’Tis the Season: It Is Okay To Feel ‘Blah’ Coping with Grief and Loss during the Holidays

Part 4 of our Holiday Blog Series

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When holiday music echoes through the halls of department stores and busy employees hustle to meet their year-end goals, you know the holiday season has begun. However, it can be hard to spread holiday cheer if you’re missing that someone special.

If you’ve experienced a loss recently,  or even if you miss someone who passed away decades ago, the holidays can be a difficult time. Here are some tips to help you cope with loss during this festive season. Using these tools, you may even begin to look forward to the holidays again!


Be Honest with yourself

The holidays are a great-time to engage in some self-reflection and to take stock of your true feelings. It’s okay if you don’t feel cheery about the holiday season. Everyone grieves differently, and it is important to he honest with yourself about what you need. Decide which festivities you wish to take part in, and which you prefer to skip. Express your wishes clearly to your loved ones. Setting expectations with family and planning ahead can reduce your stress later.

If you find yourself at a party,  it’s perfectly acceptable to take a moment and remove yourself from the crowd. Take a walk outside, focus on your breathing, or leave if you feel you’ve have had enough. Thinking ahead about your coping skills can help alleviate the stress of being in a social setting that may produce feelings of grief and sadness.

Take time to remember

Often we just go through the motions of performing holiday-related tasks to avoid what is actually on our minds. We may find ourselves buying gifts for loved ones and attending parties, seemingly swept up in the holiday spirit, but are we?  It is easy to be overwhelmed and lose track of your own grief when others around you may seem to be in the holiday spirit. Before you know it, another holiday has come and gone, but you remain immersed in feelings of sorrow. To make it worse, there are constant reminders at the holidays of moments you may have shared with the person you are grieving that may make it hard to forget.

Taking a few minutes to remember a loved one during the holidays can allow you the time to grieve. For example, my grandmother passed five years ago and she loved the holidays, so my family and I always take the time at Christmas dinner to talk about happy memories. We remember her singing her heart out in the church choir which always brought a smile to our faces. Taking a brief moment to remember allows us to openly express how we feel, rather than avoid her absence. Acknowledging the person you miss can make the holiday more meaningful, but it doesn’t mean you can’t celebrate with the other people you love.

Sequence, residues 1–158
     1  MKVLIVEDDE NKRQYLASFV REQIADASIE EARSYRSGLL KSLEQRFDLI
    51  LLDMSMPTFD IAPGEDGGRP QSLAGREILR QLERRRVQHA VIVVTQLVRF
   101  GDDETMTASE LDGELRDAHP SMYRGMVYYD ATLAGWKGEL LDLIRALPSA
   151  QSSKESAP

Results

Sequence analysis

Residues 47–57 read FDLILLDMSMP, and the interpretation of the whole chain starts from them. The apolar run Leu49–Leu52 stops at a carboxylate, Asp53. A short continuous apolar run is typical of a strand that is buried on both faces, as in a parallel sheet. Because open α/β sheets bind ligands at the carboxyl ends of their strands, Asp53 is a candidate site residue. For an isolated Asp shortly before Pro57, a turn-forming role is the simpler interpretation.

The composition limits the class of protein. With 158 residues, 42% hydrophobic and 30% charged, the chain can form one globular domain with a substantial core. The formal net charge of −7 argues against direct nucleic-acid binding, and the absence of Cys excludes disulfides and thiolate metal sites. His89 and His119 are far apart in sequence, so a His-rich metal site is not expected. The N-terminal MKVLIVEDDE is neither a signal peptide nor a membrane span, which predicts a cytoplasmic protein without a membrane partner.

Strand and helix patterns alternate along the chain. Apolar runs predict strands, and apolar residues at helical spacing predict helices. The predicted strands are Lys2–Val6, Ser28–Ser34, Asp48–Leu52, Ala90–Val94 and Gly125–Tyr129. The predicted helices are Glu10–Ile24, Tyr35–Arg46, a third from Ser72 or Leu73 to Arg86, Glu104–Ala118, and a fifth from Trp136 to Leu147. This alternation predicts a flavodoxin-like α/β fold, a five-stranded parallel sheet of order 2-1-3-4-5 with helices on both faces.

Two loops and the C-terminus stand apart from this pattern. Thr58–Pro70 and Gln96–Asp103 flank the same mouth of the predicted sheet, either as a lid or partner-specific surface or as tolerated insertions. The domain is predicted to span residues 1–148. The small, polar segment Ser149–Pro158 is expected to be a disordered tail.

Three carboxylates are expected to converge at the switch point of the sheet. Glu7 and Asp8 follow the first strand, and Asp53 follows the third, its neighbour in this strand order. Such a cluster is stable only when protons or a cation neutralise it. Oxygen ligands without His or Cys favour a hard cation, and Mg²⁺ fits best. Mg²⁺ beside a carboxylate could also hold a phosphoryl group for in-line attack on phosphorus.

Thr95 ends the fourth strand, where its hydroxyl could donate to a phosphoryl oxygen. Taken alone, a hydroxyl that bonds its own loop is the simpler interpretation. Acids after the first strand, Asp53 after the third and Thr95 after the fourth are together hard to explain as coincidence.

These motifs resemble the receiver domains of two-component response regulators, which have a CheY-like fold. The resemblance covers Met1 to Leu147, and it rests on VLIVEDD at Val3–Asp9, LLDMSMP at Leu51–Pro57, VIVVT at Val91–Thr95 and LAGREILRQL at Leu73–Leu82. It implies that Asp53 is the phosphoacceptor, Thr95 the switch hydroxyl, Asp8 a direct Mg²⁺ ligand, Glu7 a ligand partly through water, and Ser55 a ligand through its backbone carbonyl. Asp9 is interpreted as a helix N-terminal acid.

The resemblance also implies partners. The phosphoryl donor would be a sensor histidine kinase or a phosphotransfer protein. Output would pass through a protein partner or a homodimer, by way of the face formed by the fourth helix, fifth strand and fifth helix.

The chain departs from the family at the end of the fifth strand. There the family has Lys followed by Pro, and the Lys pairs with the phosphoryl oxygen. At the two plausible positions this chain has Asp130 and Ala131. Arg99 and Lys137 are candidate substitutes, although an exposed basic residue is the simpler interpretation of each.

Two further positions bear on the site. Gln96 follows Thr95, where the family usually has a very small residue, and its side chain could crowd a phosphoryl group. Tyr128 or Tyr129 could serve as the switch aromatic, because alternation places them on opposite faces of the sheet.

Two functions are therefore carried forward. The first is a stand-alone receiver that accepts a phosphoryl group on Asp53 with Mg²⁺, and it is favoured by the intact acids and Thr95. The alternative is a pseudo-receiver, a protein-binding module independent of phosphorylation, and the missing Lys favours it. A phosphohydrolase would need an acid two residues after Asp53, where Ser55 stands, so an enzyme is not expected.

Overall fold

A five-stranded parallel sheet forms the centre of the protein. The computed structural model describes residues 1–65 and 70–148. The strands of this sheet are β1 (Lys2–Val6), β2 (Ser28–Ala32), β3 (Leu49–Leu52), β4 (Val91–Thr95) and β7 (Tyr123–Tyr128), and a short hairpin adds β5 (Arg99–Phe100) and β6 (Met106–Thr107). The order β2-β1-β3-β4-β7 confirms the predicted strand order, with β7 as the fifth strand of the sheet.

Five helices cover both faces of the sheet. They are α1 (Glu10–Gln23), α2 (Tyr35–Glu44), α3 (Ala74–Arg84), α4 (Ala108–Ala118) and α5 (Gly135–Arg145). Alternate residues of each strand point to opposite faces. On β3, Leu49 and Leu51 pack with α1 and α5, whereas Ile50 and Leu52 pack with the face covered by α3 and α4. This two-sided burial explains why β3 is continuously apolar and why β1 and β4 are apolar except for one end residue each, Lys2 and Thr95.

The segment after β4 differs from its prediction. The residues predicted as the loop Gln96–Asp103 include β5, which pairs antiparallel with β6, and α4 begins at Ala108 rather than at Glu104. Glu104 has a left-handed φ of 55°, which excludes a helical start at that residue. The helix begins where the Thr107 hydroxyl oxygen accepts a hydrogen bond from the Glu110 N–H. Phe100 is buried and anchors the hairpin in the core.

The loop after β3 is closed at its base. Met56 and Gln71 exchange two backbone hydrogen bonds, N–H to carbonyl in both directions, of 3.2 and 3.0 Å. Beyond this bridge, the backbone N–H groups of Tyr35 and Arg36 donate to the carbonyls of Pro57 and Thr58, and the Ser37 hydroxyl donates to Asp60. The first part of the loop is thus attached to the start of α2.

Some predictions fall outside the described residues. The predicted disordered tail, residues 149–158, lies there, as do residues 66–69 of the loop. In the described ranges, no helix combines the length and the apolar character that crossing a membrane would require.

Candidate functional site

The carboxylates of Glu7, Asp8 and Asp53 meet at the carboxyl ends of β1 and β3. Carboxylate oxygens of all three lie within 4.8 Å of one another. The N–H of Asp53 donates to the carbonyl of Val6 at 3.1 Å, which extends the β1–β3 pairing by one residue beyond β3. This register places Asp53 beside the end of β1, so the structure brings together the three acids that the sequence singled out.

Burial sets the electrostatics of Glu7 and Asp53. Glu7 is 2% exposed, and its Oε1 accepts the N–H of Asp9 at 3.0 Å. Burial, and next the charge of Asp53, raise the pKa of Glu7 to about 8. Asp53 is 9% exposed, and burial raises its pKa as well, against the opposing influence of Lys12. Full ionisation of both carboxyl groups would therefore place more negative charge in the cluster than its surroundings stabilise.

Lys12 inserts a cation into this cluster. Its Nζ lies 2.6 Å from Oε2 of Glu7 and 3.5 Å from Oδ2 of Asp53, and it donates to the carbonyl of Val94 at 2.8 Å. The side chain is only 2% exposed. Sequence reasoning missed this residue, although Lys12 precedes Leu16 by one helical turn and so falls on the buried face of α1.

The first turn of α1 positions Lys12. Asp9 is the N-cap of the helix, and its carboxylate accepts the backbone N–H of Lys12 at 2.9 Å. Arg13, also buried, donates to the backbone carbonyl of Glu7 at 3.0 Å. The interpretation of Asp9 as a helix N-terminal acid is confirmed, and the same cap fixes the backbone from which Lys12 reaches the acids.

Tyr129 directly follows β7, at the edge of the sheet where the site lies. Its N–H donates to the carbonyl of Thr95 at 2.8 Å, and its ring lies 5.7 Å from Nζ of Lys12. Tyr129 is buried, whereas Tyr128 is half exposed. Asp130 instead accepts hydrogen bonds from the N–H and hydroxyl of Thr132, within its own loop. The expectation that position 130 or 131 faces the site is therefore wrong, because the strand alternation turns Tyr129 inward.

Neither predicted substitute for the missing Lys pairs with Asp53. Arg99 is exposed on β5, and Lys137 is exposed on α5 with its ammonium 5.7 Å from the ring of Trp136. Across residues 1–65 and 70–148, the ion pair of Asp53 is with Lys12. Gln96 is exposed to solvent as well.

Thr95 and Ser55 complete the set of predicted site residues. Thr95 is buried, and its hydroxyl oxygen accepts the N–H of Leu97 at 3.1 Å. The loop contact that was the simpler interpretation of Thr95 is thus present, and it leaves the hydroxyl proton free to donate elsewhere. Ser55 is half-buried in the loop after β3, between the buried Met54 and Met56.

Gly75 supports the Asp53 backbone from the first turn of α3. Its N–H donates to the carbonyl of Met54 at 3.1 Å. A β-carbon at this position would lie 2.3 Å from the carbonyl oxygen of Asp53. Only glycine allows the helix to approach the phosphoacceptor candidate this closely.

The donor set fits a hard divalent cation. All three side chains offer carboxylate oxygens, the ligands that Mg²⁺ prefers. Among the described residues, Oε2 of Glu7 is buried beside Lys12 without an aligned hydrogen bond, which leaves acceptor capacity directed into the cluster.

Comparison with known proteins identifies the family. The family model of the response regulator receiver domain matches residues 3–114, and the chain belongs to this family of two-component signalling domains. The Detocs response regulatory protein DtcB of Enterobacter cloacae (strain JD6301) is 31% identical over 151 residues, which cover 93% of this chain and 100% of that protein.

Traditions

Whether you create new traditions or continue the traditions you had when a loved one was with you, it can be helpful to do things to make them feel like a part of the holidays. Decide which traditions you enjoyed with your loved one, as well as any new traditions you may want to start in memory of him or her. If your grandmother made the best apple pie, make it! Of course she will not be the one making it, and it may not taste as good as hers did, but she will have a seat at your holiday table and that will make it an even more memorable. My friend’s mother passed away last year and loved running at the beach, now her family has a new tradition of running on the beach every Thanksgiving. New traditions can help carry on the memory of those we love, and make the traditions you shared with the person more meaningful.

Take Time for You

Coping with the loss of a loved can feel overwhelming near the holidays. You may find yourself consoling others (a spouse, children, siblings, parent, etc.) when you need consoling yourself!  However, in order to grieve and find peace, it is most important to focus on ourselves. Continue with the things you like to do at the holidays, and don’t feel guilty for doing so. The person you miss would be happy you did.

As difficult as it may seem, do not shy away from friends and obligations, especially  if you are doing so just to avoid difficult conversations. Talking about your loved one can be therapeutic, and your friends and family will understand if you say you do not want to talk about it anymore. Another option is to seek professional help from a therapist. A therapist can offer a safe space to grieve and process your thoughts. Therapy allows us to express private or intimate thoughts we may not feel comfortable sharing with other people,

Although sleeping in and not getting dressed up for that Secret Santa dinner party may sound like a good idea, surrounding yourself with the people may be just the thing you need! Don’t get me wrong, if you need the occasional night at home near the holidays that’s OK, just make sure you understand why you are doing so, and try to avoid doing it habitually.

I hope you have found this helpful. You should understand that It’s OK if the holidays are not always cheerful to you. Often, when we don’t feel like talking about our grief that is the most important time to do so. Confide in the people closest to you (or a therapist) and try to not bottle up your emotions. That’s easier said than done--I know. It takes courage and trust, but over time you will feel better. Happy Holidays!

Alysha Perlman, LCSW is a therapist at A Good Place. To learn more about her, check out her bio here.